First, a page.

17-Year-Old Aussie Boy Lays Claim to Twitter Takedown

MELBOURNE—Don’t let the name Pearce Delphin fool you—the boy behind it is not as innocent as his name implies. In fact, if his claim is accurate, the 17-year-old lad from Melbourne is at least partly responsible for the Great Twitter Takedown of 2010, even if he only inadvertently used a piece of JavaScript code that resulted in the now infamous “mouseover” attack.

“Pearce Delphin, or @zzap on Twitter, says he exposed the security flaw by tweeting a piece of code with an onMouseOver JavaScript function, which caused a pop-up to appear when a user merely moves his mouse cursor over the message,” reported Mashable.

The chaos that followed was short-lived but epic in its impact on the Twittersphere’s sense of security. While identity-theft issues have plagued the short-form blogging tool over the years, it had managed to avoid the sort of rolling blackouts—or in this case, redirects, to porn sites, no less!—that so many other platforms have had to deal with, until now.

Delphin is only partly to blame for the extent of the attacks, however. An English security firm reportedly traced the source of the code to him within a few hours of his original post, but it was too late to prevent its modification by others, with the resulting auto retweets, open pornographic websites and general havoc unleashed upon the world. White House press secretary Robert Gibbs and Sarah Brown, wife of Britain's former Prime Minister Gordon Brown, were just two of the untold thousands of people impacted by the bug.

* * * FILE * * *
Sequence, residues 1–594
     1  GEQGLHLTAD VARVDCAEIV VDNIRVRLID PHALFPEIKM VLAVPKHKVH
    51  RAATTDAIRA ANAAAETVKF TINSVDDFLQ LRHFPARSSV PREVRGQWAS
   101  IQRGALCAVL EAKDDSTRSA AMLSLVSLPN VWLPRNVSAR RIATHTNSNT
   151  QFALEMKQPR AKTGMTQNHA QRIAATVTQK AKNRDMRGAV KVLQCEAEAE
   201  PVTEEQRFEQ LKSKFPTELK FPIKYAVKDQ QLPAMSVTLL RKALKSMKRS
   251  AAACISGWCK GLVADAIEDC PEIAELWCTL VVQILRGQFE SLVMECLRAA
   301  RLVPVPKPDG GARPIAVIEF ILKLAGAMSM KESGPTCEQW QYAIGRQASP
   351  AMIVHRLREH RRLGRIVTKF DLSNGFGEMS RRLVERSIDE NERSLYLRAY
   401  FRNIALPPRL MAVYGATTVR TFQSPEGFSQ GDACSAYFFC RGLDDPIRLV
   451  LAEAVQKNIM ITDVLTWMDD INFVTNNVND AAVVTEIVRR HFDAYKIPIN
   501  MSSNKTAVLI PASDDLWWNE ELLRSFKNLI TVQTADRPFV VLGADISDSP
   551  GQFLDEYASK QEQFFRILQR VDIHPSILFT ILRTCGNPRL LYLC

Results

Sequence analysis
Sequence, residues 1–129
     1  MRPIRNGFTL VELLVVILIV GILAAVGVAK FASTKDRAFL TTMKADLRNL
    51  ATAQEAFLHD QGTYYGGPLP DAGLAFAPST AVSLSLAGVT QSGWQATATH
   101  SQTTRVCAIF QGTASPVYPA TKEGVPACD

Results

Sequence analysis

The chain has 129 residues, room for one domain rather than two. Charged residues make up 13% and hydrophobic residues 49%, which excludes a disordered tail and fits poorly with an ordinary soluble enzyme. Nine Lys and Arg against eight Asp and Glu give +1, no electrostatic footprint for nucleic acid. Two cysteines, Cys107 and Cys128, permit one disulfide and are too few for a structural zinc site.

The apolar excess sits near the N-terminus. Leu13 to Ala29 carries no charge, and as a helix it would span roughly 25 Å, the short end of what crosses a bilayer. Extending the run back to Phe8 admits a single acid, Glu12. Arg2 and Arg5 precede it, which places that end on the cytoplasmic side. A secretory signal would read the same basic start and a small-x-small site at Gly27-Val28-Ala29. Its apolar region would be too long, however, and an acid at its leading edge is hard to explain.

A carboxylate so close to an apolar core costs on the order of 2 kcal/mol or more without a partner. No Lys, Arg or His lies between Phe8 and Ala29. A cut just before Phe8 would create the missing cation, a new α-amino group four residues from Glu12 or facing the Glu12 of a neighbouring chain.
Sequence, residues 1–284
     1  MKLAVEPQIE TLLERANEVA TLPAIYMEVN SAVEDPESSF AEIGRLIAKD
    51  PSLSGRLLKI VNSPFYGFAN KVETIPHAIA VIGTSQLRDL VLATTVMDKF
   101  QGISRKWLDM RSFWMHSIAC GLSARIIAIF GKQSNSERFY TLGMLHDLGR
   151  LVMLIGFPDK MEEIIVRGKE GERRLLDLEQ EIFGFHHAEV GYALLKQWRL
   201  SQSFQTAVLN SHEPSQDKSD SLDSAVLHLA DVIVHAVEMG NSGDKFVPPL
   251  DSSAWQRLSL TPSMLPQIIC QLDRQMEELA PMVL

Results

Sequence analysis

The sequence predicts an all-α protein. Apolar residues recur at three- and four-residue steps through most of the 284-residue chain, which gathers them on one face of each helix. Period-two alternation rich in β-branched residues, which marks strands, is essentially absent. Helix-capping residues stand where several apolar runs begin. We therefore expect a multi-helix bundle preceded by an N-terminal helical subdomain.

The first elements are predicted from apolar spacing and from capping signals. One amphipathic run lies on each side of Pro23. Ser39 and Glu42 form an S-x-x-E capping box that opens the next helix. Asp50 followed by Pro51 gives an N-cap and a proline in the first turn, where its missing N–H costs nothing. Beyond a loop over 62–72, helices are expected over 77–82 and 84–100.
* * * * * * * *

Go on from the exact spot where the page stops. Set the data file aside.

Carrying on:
“I did it merely to see if it could be done … that JavaScript really could be executed within a tweet. At the time of posting the tweet, I had no idea it was going to take off how it did. I just hadn’t even considered it,” Delphin told AFP by email.

Delphin, who lives with his folks and will be graduating high school in the near future, also said that he modified previous JavaScript code that another user had used to color his tweets.

News reports have identified the other user as a Japanese developer named Masato Kinugawa, who Mashable reports said he reported the XSS vulnerability to Twitter on Aug. 14. It was apparently patched at that time, but he later discovered that the vulnerability was exploitable again, so he created a Twitter account called RainbowTwtr, which he used to prove that the flaw could be used to create colored tweets.

All of this was known to Twitter, which acknowledged on its blog, “We discovered and patched this issue last month. However, a recent site update (unrelated to new Twitter) unknowingly resurfaced it.”

As mentioned in an earlier report, people using the new Twitter website were apparently unaffected by the bug, but caution on the part of the company is highly warranted, considering the ease with which this vulnerability was exploited more than once.

As Mashable suggests, “Twitter should take a good look at its security before an attack similar to this one causes a lot more damage.”